Pre-standard 5G fixed wireless deployments can be leveraged to add mobility
Ongoing fiber deployments can be leveraged to build increasingly dense wireless networks at the macro level as well as in support of massive small cell roll outs. Operators have shown an early interest in pre-standard 5G fixed wireless access. These fixed sites, being tested now, are connected to fiber and could easily be upgraded to support 5G mobility services once the technical specification is finalized. This level of convergence tracks closely with the centralization of base station equipment. The animating principle is leverage that access to fiber and power to the greatest extent possible. That’s one aspect of network convergence
“Practically,” Ray Butler of CommScope said, “that refers to delivery of services–residential, business and wireless services–over a common fiber network. On the mobility end of it, we’re seeing a lot of interest, and people starting to explore how you converge a site to support fixed wireless and mobility. How do you leverage that investment for both mobility and fixed? Those are kind of the ripe areas we see a lot of work being done on and a lot of potential opportunity. As the industry evolves to centralized RAN and cloud RAN with network function virtualization, we see an opportunity for both capex and opex savings.”
Derek Peterson, chief technology officer of Boingo Wireless, explained the longer-view on convergence of infrastructure from the perspective of a neutral host provider. “When we talk today about neutral host systems, I’m building a neutral network that allows many different people to connect onto. That’s what we try to do. If we can share fronthaul, backhaul, cabling, switches, that’s a win. We need an infrastructure for everyone.”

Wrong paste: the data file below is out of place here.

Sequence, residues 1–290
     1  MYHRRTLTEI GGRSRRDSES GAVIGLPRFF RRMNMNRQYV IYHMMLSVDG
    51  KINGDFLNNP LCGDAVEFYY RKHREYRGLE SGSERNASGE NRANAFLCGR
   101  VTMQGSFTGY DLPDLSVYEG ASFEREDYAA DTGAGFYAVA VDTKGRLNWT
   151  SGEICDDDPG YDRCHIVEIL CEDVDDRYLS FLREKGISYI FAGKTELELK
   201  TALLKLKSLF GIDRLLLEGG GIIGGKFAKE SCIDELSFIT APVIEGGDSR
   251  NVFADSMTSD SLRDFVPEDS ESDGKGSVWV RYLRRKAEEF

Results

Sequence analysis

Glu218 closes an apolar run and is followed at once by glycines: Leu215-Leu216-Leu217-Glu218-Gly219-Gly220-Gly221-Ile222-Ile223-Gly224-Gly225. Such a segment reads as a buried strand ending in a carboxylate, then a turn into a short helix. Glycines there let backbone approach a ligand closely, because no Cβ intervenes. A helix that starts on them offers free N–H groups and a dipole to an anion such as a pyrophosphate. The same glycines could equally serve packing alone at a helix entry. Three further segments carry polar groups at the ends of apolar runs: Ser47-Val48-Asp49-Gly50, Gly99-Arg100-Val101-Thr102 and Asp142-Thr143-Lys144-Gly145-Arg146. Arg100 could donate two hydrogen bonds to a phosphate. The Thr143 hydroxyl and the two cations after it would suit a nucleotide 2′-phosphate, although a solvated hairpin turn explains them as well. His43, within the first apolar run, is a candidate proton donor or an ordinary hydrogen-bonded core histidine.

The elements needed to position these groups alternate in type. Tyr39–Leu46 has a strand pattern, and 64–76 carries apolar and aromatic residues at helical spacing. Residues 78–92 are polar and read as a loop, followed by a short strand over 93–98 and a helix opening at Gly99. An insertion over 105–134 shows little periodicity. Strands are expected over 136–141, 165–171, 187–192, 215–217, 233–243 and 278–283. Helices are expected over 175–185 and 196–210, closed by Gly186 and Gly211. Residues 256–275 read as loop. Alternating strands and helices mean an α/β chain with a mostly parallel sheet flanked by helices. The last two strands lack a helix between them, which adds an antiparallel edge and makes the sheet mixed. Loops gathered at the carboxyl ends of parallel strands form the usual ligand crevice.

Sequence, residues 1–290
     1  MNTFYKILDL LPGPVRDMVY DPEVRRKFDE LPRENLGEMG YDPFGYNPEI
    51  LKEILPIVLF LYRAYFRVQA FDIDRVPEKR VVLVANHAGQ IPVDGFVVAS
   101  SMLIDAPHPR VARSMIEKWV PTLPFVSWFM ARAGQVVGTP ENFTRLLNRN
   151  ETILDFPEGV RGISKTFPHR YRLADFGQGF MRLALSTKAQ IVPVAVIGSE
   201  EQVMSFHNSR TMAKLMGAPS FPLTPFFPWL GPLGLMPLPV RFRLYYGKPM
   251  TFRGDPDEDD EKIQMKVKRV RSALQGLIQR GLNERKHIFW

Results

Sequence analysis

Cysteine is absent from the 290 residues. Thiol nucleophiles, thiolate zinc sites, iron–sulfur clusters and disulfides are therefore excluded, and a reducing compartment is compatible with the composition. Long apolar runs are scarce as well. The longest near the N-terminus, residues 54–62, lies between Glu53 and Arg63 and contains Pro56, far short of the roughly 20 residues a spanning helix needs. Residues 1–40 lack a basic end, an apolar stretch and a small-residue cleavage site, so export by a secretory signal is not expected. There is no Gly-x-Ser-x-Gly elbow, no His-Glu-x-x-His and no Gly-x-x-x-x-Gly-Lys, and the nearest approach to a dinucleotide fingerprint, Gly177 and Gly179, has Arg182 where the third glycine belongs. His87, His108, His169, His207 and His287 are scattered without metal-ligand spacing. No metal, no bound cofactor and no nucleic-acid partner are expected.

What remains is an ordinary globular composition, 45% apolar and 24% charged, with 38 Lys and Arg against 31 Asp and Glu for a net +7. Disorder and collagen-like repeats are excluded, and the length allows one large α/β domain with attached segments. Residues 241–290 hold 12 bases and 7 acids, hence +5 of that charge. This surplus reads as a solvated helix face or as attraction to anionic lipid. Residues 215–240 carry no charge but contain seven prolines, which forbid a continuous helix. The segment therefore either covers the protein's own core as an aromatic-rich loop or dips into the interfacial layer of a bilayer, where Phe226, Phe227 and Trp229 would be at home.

He gave the example of a shared roadway. “We want to be able to have all that share the same so that way the truck is not impeding the speed race car or whatever it might be. Now we’re moving to things like digital RAN or cloud RAN where you’re now able to share even more. The only parts that’s different in your road is your driveway, your gateway to identification. It reduces cost and it reduces maintenance. That’s where we’re going.”
Bill Cune of Corning, reiterating the importance of deep fiber, elaborated on the trend toward C-RAN where “The C could be cloud or centralized or coordinated. All of those things make the network work a lot better. To do that, fiber has got to go to more places, but it also has to have an architecture back to a centralized location that connects or hundreds or dozens of these sites in a given radius. That is some new. We’re in the very early stages of building out a fiber network that will really densify and enable the advanced features of 4G and 5G. All of this applies to indoor and out.”
Monica Paolini, president of telecom advisory and consulting firm Senza Fili, pointed out that converged, distributed networks also require an embrace of mobile edge computing to animate a variety of applications. “MEC is more than a tool to lower latency. It is an enabler for services that are specific to a location but are served over multiple access networks, both fixed and mobile. In this context, MEC is a powerful driver that accelerates the convergence of fixed and mobile networks. Mobile edge computing clearly relies on network virtualization. Initially, virtualization efforts were focused on moving everything to a centralized location – the data center, the cloud – to get cost savings and have everything in one place, which is attractive. With mobile edge computing, the trend is in the opposite direction. There are some things that do not work sufficiently well in a centralized location. There are advantages to moving processing and storage to the edge.”
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